My textbook, Solid-State Physics, Fluidics, and Analytical Techniques in Micro- and Nanotechnology, by Madou, presents the following image and explanation in a section on x-ray diffraction and Laue equations:

enter image description here

Constructive interference will occur in a direction such that contributions from each lattice point differ in phase by $2\pi$. This is illustrated for the scattering of an incident x-ray beam by a row of identical atoms with lattice spacing $\mathbf{a}_1$ in Figure 2.20. The direction of the incident beam is indicated by wave vector $\mathbf{k}_0$ or the angle $\alpha_0$, and the scattered beam is specified by the direction of $\mathbf{k}$ or the angle $\alpha$. Because we assume elastic scattering, the two wave vectors $\mathbf{k}_0$ and $\mathbf{k}$ have the same magnitude, i.e., $2\pi/\lambda$ but with differing direction. A plane wave $e^{i k \cdot r}$ is constant in a plane perpendicular to $\mathbf{k}$ and is periodic parallel to it, with a wavelength $\lambda = 2\pi/\mathbf{k}$ (see Appendix 2A). The path difference $A_1B − A_2C$ in Figure 2.20 must equal $e\lambda$ with $e = 0, 1, 2, 3, \dots$. For a fixed incident x-ray with wavelength $\lambda$ and direction $\mathbf{k}$, and an integer value of $e$, there is only one possible scattering angle $\alpha$ defining a cone of rays drawn about a line through the lattice points (see Figure 2.20).

As you can see, it is said that the path difference is $A_1B - A_2C$. However, the Wikipedia article for Bragg's law seems to give a different definition for path difference:

enter image description here

(Author: M. Hadjiantonis)

There will be a path difference between the ray that gets reflected along AC' and the ray that gets transmitted along AB, then reflected along BC. This path difference is

$${\displaystyle (AB+BC)-\left(AC'\right)\,.}$$

If we think of these as vectors, so that $\vec{A_1B}$ is the vector from $A_1$ to $B$, and similarly for the others, then, visually, it seems to me that $\vec{A_1B} - \vec{A_2C}$ might be equal to $(\vec{AB} + \vec{BC}) - \left( \vec{AC'} \right)$, but I'm not totally sure.

Are these equivalent representations of path difference under Bragg's law, or are these actually different types of "path difference" for different concepts?

I would greatly appreciate clarification on this.


I think I have found that the two definitions of path difference are proportional; that is, $A_1B − A_2C \propto {\displaystyle (AB+BC)-\left(AC'\right).}$

In the Wikipedia article for Bragg's law, it says the following:

The two separate waves will arrive at a point with the same phase, and hence undergo constructive interference, if and only if this path difference is equal to any integer value of the wavelength, i.e.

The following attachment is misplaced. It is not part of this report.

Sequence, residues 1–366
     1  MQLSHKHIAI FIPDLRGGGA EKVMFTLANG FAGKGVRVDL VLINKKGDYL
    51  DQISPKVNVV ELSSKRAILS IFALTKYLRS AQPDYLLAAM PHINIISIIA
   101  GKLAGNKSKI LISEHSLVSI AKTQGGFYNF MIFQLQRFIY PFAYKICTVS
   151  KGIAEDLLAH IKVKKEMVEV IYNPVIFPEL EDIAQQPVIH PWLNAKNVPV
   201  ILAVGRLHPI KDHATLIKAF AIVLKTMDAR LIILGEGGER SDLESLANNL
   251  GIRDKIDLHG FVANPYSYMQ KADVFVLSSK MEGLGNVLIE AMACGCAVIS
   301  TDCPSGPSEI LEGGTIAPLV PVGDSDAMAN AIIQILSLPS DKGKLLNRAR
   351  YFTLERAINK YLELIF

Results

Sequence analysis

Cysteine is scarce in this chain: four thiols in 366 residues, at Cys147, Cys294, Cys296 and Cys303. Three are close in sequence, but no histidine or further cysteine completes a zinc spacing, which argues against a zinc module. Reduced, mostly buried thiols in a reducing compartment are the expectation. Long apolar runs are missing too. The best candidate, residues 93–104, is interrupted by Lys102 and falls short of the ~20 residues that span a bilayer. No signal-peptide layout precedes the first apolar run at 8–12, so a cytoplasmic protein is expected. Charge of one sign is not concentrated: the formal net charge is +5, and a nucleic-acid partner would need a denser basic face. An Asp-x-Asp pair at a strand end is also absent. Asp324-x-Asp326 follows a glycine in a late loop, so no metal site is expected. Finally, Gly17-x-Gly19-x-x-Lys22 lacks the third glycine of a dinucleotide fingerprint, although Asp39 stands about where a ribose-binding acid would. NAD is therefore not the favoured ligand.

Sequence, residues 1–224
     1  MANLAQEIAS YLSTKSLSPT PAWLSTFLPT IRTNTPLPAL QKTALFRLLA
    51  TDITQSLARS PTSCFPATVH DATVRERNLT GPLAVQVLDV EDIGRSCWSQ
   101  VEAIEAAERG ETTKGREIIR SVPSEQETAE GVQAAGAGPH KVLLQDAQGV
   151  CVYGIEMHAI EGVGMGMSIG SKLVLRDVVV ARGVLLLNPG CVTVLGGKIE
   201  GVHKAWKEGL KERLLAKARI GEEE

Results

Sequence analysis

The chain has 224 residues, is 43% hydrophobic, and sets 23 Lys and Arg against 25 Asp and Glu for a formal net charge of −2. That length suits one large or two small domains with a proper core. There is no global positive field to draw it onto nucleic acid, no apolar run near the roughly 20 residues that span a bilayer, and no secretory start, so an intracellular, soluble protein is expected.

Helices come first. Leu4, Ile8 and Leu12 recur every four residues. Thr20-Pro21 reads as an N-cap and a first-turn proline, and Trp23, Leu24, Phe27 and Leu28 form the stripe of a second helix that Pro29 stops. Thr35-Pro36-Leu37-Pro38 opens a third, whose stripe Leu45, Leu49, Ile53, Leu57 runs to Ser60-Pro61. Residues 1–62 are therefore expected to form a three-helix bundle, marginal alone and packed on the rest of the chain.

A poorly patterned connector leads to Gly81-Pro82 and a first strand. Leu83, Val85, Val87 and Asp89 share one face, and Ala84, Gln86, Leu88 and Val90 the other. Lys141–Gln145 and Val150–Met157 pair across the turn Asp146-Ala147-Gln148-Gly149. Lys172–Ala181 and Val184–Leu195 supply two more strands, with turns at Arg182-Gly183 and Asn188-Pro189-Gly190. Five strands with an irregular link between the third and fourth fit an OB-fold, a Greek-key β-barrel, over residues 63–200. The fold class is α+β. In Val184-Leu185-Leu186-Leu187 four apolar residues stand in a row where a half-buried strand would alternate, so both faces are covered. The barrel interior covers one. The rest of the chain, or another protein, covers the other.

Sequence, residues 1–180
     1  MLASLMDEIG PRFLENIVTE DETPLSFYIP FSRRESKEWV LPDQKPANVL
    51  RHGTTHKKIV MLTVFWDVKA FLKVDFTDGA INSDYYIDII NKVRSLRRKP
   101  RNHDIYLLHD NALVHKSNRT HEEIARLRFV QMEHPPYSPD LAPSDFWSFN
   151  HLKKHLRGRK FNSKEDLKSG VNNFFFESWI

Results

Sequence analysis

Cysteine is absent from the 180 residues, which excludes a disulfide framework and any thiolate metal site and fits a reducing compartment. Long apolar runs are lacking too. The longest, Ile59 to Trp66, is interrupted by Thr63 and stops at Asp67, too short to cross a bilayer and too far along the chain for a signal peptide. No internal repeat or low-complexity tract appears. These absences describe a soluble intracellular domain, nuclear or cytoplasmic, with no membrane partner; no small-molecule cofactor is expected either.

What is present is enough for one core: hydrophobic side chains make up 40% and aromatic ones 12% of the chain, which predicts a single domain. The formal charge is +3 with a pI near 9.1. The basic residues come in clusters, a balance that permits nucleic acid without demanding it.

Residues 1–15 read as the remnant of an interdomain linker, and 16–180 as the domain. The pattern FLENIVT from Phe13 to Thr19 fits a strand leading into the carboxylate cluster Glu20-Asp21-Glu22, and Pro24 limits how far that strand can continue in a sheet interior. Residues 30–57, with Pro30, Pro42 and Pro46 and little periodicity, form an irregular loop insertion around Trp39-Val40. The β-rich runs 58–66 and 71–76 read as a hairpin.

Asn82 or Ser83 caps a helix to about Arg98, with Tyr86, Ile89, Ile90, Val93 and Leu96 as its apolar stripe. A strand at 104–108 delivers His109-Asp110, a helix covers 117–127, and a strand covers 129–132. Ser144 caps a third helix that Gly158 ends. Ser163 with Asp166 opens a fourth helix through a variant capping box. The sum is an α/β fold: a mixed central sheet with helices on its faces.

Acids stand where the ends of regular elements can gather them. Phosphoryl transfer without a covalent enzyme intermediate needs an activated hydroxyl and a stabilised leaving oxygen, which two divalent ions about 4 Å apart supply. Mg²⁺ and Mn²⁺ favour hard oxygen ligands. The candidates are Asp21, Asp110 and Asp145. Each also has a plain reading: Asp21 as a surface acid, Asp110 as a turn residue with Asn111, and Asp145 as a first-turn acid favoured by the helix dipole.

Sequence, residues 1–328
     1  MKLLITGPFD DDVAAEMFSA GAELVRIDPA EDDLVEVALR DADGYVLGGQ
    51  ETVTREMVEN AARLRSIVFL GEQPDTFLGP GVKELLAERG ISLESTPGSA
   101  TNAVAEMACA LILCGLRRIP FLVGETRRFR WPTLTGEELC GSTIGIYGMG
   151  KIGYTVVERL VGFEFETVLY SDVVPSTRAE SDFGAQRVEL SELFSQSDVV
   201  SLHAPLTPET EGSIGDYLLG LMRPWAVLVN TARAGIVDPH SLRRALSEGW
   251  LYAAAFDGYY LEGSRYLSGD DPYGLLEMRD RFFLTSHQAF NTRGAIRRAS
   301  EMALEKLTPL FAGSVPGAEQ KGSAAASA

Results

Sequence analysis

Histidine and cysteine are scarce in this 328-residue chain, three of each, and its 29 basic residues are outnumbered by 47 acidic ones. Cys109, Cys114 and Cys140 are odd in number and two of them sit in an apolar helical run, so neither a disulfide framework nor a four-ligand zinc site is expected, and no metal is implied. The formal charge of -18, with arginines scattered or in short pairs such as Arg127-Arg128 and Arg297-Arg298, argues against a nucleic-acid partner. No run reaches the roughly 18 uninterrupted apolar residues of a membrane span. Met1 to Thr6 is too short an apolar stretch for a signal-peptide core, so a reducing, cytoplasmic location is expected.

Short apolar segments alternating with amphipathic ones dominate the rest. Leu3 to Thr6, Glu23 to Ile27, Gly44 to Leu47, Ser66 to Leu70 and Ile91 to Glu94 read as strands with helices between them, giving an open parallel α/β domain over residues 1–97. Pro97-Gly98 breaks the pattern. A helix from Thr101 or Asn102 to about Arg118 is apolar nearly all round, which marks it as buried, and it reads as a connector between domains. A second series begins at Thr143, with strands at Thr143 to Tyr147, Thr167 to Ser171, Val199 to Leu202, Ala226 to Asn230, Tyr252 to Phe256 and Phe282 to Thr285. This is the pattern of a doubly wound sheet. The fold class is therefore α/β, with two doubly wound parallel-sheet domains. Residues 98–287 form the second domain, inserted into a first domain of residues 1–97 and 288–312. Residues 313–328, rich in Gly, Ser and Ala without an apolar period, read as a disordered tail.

$${\displaystyle (AB+BC)-\left(AC'\right)=n\lambda \,,}$$

In addition to the textbook excerpt above, the authors go on to say the following:

Because crystals are periodic in three directions, the Laue equations in 3D are then:

$$\mathbf{a}_1 (\cos\alpha - \cos\alpha_0) = e \lambda$$ $$\mathbf{a}_2 (\cos\beta - \cos\beta_0) = f \lambda \tag{2.21}$$ $$\mathbf{a}_3 (\cos\gamma - \cos\gamma_0) = g \lambda$$

For constructive interference from a three-dimensional lattice to occur, the three equations above must all be satisfied simultaneously, i.e., six angles $\alpha$, $\beta$, $\gamma$, $\alpha_0$, $\beta_0$, and $\gamma_0$; three lattice lengths $\mathbf{a}_1$, $\mathbf{a}_2$, and $\mathbf{a}_3$; and three integers ($e$, $f$, and $g$) are fixed. Multiplying both sides of Equation 2.21 with $2\pi/\lambda$ and rewriting the expression in vector notation we obtain:

$$\mathbf{a}_1 \cdot (\mathbf{k} - \mathbf{k}_0) = 2 \pi e$$ $$\mathbf{a}_2 \cdot (\mathbf{k} - \mathbf{k}_0) = 2 \pi f \tag{2.22}$$ $$\mathbf{a}_3 \cdot (\mathbf{k} - \mathbf{k}_0) = 2 \pi g$$

with $\mathbf{a}_1$, $\mathbf{a}_2$, and $\mathbf{a}_3$ being the primitive vectors of the crystal lattice.

If we further define a vector $\Delta \mathbf{k} = \mathbf{k} − \mathbf{k}_0$, Equation 2.22 simplifies to

$$\mathbf{a}_1 \cdot \Delta \mathbf{k} = 2 \pi e$$ $$\mathbf{a}_2 \cdot \Delta \mathbf{k} = 2 \pi f \tag{2.23}$$ $$\mathbf{a}_3 \cdot \Delta \mathbf{k} = 2 \pi g$$

Dealing with 12 variables for each reflection simultaneously [six angles ($\alpha$, $\beta$, $\gamma$, $\alpha_0$, $\beta_0$, and $\gamma_0$), three lattice lengths ($\mathbf{a}_1$, $\mathbf{a}_2$ and $\mathbf{a}_3$), and three integers ($e$, $f$, and $g$)] is a handful; this is the main reason why the Laue equations are rarely referred to directly, and a simpler representation is used instead. The reflecting conditions can indeed be described more simply by the Bragg equation.

Further below we will learn that constructive interference of diffracted x-rays will occur provided that the change in wave vector, $\Delta \mathbf{k} = \mathbf{k} − \mathbf{k}_0$, is a vector of the reciprocal lattice.

Bragg’s law is equivalent to the Laue equations in one dimension as can be appreciated from an inspection of Figures 2.24 and 2.25, where we use a two-dimensional crystal for simplicity. Suppose that vector $\Delta \mathbf{k}$ in Figure 2.24 satisfies the Laue condition; because incident and scattered waves have the same magnitude (elastic scattering), it follows that incoming ($\mathbf{k}_0$) and reflected rays ($\mathbf{k}$) make the same angle $\theta$ with the plane perpendicular to $\Delta \mathbf{k}$.

enter image description here

enter image description here

The magnitude of vector $\Delta \mathbf{k}$, from Figure 2.24, is then given as: